Lighthouses are popular tourist attractions in Michigan and play a fascinating part in the state's history. But many of them are no longer needed and their upkeep and maintenance are costing taxpayers millions of dollars each year.
To solve this problem the federal government has recently asked an intriguing question: "Would you like to buy a lighthouse?" Last October, Scott Holman, an entrepreneur and avid scuba diver from Freeland, Michigan, emphatically answered, "Yes, I do." And he put his money where his mouth is. He placed a winning $86,003 bid for the 2,400-square-foot Granite Island Lighthouse, 10 miles off the coast of Marquette.
Because Michigan has more lighthouses than any other state, policy makers would do well to absorb this lesson: See the light, lighten citizens' tax load, and sell the lighthouses.
The island upon which the lighthouse is built covers just under 2.5 acres of rock and grass and is also home to an oil house, boat slip, dock, and boat housing structure. The first Indians and Europeans to visit the island saw no need to risk climbing the sheer 60-foot walls. It was not until dynamite was applied to one end in the 1860s that access to the island became easy and constant.
Holman's bid was the highest submitted for the Granite Island Lighthouse, according to Melissa Green of the U. S. General Services Administration. What few know is that it was not his first bid. After Holman submitted his first offer of $56,003 he suffered nights of restless sleep, sure that he had offered too little. He upped his offer to $86,003, calming his nerves, and then waited patiently. The new bid made Holman the highest bidder by a margin of $6,000, beating out a serious bidder who flew to Boston to personally submit his own bid. Over 80 people bid on the Granite Island Lighthouse.
"There's a lot of work to be done," said Holman, who plans to restore the weatherbeaten lighthouse and seagull-populated island (which came with his purchase) and open both to future overnight stays. Holman also reports that many of the losing bidders have contacted him with offers of financial and refurbishing assistance, as well as requests to visit the island once repairs are complete. [Editor's Note: For photos and more information on the Granite Island lighthouse, visit www.graniteisland.com on the Internet].
Others in the state are lobbying legislators to change Michigan law to make ownership of lighthouses easier, and plans are in the works for a $35 million private, nonprofit Great Lakes Lighthouse Museum.
All of this is great news for American taxpayers: Instead of spending money to repair obsolete lighthouses, the federal government is collecting cash by selling them outright—a process also known as "shedding." The term shedding refers to the wholesale removal of an asset from a government's books.
Unfortunately, the state is still playing some role in Michigan lighthouse upkeep. Late last year the state budgeted more than $3 million for upkeep and restoration of lighthouses and Governor Engler has promised an additional $10.5 million. Still, progress has been made toward privatizing lighthouses, and others may be sold off soon.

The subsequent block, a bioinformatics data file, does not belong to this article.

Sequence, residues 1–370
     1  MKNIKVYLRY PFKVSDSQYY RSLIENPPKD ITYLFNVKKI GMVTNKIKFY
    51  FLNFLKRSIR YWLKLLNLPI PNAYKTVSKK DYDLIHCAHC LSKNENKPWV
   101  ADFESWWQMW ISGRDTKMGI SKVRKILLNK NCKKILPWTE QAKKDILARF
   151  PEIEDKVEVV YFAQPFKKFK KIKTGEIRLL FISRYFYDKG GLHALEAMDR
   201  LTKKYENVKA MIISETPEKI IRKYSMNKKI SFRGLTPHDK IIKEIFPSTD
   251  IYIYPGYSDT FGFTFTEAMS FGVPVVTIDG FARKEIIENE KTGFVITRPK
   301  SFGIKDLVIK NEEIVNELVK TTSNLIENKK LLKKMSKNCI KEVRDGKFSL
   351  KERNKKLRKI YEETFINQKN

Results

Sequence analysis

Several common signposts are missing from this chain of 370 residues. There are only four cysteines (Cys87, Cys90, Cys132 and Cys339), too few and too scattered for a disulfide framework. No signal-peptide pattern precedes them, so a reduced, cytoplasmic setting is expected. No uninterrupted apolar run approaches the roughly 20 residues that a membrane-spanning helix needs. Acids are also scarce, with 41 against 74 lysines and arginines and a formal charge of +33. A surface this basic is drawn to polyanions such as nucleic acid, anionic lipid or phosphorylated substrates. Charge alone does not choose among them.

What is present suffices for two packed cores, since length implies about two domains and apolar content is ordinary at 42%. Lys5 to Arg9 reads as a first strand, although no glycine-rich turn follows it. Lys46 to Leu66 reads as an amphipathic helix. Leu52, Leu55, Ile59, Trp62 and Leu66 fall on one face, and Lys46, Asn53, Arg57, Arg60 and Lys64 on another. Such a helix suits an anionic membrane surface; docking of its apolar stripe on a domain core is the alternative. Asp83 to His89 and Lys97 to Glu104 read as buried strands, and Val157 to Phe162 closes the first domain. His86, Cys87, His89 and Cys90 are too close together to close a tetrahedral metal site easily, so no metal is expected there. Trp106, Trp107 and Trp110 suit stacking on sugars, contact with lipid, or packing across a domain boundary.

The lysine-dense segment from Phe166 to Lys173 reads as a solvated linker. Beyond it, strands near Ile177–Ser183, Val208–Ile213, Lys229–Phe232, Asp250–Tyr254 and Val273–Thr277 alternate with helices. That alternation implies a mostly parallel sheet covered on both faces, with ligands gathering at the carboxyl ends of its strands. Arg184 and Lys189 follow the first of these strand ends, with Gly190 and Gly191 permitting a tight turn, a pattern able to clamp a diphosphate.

The federal government began building lighthouses under President George Washington. To help ships navigate the nation's shores, the government built hundreds of lighthouses, supplied them with modern lenses, and often built caretakers' houses nearby. But radar, modern communications, and other innovations have now rendered many lighthouses obsolete.
Since 1939, the Coast Guard has been in charge of maintaining the nation's lighthouses, but keeping them in shape has often been a losing battle. "Many of them have been abandoned by the authorities and are falling victim to vandalism and the elements," reports Tim Harrison, editor of the monthly publication, Lighthouse Digest.
Selling these lighthouses is, therefore, a win-win situation for everyone. Investors like Holman have the incentive to improve the value of their property, the government collects revenue from the sale, and the lighthouses themselves, which are historical treasures, do not disintegrate through public neglect.
For those who are skeptical about turning these historic treasures over to private owners, we can turn to history as a guide. Before the 1960s, a few lighthouses were sold to private individuals. Most of these owners, including some in Michigan, have taken excellent care of their property. The Mendota Lighthouse, for example, is a well kept home on the Keweenaw Peninsula. Two others-the Sand Hills Lighthouse (also on the Keweenaw Peninsula) and the Big Bay Point Lighthouse north of Marquette—are now popular bed-and-breakfast establishments.
William Frabotta bought the Sand Hills Lighthouse almost 40 years ago. He refurbished the eight bedrooms, all with private baths, and now rents out the rooms in both summer and winter. Frabotta brags about the cross-country skiing in the winter and the view of the scenic Northern Lights from the tower during the summer. "People love to come here to see a part of history," he says.
America's dwindling supply of lighthouses presents us with both a case study in the shortcomings of public ownership and a heartening prospect of what private enterprise can do if given the chance. Because Michigan has more lighthouses than any other state, policy makers would do well to absorb this lesson: See the light, lighten citizens' tax load, and sell the lighthouses.
Burton Folsom is historian in residence with the Center for the American Idea in Houston, Texas, and a former senior fellow with the Mackinac Center for Public Policy in Midland, Michigan.